5. Natural Anti-Oxidative Therapeutics in Alzheimer’s Disease

It is now evident that pro-oxidant overload is critically associated with degenerative diseases connected to advanced aging (Figure 1) and that anti-oxidant defense mechanisms could play vital roles to attenuate the activity of pro-oxidants to help prevent disease progression. Promising agents include SOD, catalase, and glutathione peroxidase, which are some of the primary cellular enzymes that scavenge ROS [1,3,13,45]. Glutathione reductase and glucose-6 phosphate dehydrogenase enzymes maintain the regular supply of GSH and NADPH for optimum functioning of primary anti-oxidant defense enzymes. Other anti-oxidant molecules such as vitamins A, C, and E, β-carotene, etc., are also involved in regulating cellular ROS levels [1,13,61,62,63]. ROS over-production and accumulation inhibits anti-oxidative stress defense mechanisms. Thus, boosting anti-oxidant pathways and/or neutralizing pro-oxidants by exogenous anti-oxidants may provide viable preventive options for degenerative diseases.
Several different kinds of anti-oxidative agents, acting alone or in synergistic combinations, have been suggested to prevent AD, but the outcomes of current anti-oxidant therapeutics are inadequate. Recent studies have shown that higher doses of anti-oxidative formulations are ineffective and also have negative side effects [13,62,64,65]. Considering the protective roles of moderate levels of oxidative stress [7,16,24,30], anti-oxidative therapeutics that attenuate the harmful activity of deregulated pro-oxidants while allowing cells to maintain moderated levels of native pro-oxidants may offer necessary beneficial effects (Figure 2). Natural products (fruits and vegetables) are rich in diverse anti-oxidative components, including vitamins and essential minerals. Such balanced dietary formulas may play a beneficial role to prevent AD. Although the mode of action and targets of the dietary anti-oxidants remains unclear, multiple anti-oxidative species found in fruits and vegetables have been shown to activate a multitude of cell protective pharmacological pathways and offer beneficial roles in mitigating age-related pathologies.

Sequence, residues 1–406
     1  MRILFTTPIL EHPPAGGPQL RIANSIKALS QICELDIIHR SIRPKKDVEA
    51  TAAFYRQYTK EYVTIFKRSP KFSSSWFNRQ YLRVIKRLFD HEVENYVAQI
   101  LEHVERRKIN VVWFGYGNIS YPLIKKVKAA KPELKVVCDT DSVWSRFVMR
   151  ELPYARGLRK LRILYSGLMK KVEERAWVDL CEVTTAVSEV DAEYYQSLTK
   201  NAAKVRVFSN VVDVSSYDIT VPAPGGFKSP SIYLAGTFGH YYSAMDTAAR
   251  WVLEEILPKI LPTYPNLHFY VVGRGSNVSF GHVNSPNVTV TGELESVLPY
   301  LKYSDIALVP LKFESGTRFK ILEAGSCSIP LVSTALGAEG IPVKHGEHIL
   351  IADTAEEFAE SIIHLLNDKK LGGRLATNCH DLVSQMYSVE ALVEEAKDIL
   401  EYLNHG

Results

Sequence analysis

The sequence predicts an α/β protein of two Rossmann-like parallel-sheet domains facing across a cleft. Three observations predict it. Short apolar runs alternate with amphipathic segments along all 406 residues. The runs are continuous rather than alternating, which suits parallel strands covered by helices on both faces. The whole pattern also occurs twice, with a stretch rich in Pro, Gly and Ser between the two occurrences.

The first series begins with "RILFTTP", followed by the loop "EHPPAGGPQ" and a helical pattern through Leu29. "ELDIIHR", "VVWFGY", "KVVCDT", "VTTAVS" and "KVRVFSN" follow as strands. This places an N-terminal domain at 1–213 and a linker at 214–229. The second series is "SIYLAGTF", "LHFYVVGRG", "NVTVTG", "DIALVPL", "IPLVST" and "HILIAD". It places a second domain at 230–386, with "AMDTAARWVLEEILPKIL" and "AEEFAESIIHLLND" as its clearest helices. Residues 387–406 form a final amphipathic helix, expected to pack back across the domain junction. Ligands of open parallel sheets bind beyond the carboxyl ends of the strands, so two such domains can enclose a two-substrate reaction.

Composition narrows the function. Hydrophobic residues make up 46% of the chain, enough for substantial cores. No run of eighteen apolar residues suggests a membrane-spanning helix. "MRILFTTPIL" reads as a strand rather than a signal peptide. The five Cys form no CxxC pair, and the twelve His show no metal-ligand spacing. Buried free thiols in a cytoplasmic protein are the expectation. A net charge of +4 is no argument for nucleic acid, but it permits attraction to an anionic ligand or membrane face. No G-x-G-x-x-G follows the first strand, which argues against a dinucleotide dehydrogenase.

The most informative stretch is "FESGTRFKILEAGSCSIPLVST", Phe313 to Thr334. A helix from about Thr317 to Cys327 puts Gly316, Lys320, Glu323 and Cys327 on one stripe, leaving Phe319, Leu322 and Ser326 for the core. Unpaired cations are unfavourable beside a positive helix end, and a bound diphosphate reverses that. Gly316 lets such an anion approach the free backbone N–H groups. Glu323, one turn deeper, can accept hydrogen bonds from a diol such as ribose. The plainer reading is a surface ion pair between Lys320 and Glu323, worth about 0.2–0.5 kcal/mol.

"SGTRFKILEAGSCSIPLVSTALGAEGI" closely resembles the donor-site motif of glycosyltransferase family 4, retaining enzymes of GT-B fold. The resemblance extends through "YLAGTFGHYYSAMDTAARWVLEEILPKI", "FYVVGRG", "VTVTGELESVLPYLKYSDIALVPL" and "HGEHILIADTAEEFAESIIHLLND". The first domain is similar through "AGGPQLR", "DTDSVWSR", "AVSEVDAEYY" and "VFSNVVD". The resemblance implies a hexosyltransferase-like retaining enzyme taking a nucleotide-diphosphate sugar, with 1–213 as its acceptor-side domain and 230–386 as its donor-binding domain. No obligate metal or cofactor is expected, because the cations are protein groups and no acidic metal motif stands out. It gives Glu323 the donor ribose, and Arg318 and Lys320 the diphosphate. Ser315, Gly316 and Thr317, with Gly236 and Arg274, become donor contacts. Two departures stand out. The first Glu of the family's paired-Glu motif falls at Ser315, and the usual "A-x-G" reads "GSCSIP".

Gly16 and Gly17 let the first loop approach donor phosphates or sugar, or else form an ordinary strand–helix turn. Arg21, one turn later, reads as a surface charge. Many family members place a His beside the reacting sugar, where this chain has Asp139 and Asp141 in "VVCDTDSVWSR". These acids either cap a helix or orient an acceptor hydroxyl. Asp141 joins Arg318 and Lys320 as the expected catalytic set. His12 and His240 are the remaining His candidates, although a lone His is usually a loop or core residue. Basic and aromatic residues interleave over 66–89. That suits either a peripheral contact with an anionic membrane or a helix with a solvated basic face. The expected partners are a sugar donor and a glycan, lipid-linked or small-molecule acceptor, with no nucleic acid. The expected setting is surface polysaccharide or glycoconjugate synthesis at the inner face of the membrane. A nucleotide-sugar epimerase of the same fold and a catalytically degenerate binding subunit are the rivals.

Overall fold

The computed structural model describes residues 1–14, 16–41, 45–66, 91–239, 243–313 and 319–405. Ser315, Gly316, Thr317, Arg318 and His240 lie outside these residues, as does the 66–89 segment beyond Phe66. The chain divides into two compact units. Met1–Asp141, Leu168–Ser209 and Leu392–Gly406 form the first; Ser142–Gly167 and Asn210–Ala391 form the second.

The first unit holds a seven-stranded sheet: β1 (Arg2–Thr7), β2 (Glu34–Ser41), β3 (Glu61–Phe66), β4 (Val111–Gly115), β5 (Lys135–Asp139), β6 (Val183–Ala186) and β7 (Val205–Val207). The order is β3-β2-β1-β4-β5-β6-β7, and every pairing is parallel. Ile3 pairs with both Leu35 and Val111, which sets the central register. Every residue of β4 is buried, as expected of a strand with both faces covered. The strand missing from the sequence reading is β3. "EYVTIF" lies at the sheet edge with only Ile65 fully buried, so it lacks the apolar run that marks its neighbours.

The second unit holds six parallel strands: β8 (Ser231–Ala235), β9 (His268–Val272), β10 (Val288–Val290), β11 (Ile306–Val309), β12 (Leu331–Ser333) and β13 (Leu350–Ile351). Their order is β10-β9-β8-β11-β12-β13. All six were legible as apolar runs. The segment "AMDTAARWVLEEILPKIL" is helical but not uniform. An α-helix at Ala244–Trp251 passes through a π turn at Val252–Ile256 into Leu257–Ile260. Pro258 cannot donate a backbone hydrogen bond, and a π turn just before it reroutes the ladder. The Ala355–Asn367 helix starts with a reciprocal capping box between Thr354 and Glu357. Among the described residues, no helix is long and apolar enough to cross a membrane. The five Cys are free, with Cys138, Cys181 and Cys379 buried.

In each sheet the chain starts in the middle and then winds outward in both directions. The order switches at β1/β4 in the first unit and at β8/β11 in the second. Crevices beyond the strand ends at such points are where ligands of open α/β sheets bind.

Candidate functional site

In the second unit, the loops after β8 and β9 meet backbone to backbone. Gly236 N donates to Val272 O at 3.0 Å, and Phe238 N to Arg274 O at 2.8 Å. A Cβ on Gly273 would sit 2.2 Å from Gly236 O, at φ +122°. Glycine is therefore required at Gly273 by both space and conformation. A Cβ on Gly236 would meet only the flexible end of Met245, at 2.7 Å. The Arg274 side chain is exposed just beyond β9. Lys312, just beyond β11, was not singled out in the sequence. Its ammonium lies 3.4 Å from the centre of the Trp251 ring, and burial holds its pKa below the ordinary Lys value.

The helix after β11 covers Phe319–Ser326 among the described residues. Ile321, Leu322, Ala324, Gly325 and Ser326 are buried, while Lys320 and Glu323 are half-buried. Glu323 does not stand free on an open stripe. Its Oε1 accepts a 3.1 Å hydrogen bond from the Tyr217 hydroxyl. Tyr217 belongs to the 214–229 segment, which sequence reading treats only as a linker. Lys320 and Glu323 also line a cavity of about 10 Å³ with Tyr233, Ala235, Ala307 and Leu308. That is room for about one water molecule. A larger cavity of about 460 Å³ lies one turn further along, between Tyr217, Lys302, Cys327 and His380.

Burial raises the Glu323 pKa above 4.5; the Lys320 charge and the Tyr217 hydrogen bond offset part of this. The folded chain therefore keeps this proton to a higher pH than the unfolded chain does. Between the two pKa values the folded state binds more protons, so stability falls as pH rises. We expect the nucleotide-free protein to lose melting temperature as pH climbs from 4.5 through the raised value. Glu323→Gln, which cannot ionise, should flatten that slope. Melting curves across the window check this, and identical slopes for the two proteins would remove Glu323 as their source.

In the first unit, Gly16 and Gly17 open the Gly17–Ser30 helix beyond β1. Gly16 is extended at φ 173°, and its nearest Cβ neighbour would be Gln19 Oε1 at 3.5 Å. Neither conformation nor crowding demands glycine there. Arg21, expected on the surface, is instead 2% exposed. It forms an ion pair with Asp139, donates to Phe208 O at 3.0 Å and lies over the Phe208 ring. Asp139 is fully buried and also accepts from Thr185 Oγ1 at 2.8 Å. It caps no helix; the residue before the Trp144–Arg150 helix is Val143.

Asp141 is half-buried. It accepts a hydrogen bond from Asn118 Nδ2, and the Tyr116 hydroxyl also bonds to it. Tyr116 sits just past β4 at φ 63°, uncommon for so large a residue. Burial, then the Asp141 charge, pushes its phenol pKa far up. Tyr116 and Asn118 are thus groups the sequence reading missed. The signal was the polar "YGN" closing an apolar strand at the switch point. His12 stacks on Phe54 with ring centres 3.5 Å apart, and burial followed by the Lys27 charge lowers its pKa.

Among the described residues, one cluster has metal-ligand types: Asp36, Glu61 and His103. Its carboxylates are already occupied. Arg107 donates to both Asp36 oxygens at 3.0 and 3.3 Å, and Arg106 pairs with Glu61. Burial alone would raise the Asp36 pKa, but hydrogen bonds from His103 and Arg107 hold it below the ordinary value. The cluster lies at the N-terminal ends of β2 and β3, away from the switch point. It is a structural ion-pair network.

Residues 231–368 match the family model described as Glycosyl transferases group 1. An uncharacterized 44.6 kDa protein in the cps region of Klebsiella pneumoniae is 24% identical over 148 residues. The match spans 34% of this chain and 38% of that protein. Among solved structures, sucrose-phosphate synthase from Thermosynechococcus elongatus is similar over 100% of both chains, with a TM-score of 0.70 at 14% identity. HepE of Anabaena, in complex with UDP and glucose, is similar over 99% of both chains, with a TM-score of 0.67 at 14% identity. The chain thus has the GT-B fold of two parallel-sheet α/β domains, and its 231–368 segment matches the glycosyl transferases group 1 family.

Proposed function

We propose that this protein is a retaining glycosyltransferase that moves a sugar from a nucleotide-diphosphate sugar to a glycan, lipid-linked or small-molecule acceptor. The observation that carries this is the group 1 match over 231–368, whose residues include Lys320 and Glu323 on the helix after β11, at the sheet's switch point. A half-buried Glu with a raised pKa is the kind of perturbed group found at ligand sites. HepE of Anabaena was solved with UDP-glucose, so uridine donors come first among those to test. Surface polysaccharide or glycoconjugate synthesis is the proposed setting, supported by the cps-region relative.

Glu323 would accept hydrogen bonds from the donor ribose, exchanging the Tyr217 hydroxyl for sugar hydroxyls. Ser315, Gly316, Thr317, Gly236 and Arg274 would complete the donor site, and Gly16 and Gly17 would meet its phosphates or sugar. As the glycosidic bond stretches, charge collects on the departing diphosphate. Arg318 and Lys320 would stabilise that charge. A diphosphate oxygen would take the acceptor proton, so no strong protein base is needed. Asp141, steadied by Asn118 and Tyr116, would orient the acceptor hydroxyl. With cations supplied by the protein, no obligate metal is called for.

Flavonoids and polyphenols are major anti-oxidative molecules found in fruits and vegetables. Flavonoids are C6-C3-C6 backboned compounds and consist of two aromatic rings (α and β) linked with a pyran ring (γ) [29,66,67]. Based on the oxidation state of the pyran ring, flavonoids are classified into flavones, flavonols, flavanols, isoflavonoids, flavanones, and anthocyanins. Flavones (e.g., apigenin and luteolin) are flavonoids enriched within in parsley and celery. Flavonols are keto-hydroxypyrene containing flavonoids (e.g., myricetin and quercetin) present in onions and broccoli. Flavanols consist of a hydroxylatedpyran ring at the C3 position. These compounds are rich in green tea and red wine. Genistein and daidzein found in soy products are isoflavonoids, which have a substituted keto group on a pyran ring structure. The flavanone flavonoids (e.g., hesperetin and naringenin) are abundant in citrus and tomatoes. These consist of substituted keto-pyran groups on the α ring at the C3 and C5 position. Anthocyanins are colorful pigments, which are rich in apples and berries. Phenolic acids (e.g., caffeic acid and gallic acid), lignans (e.g., secoisolariciresinol), stilbenes (e.g., resveratrol), and curcuminoids (e.g., curcumin) are non-flavonoid types of polyphenols [29,67].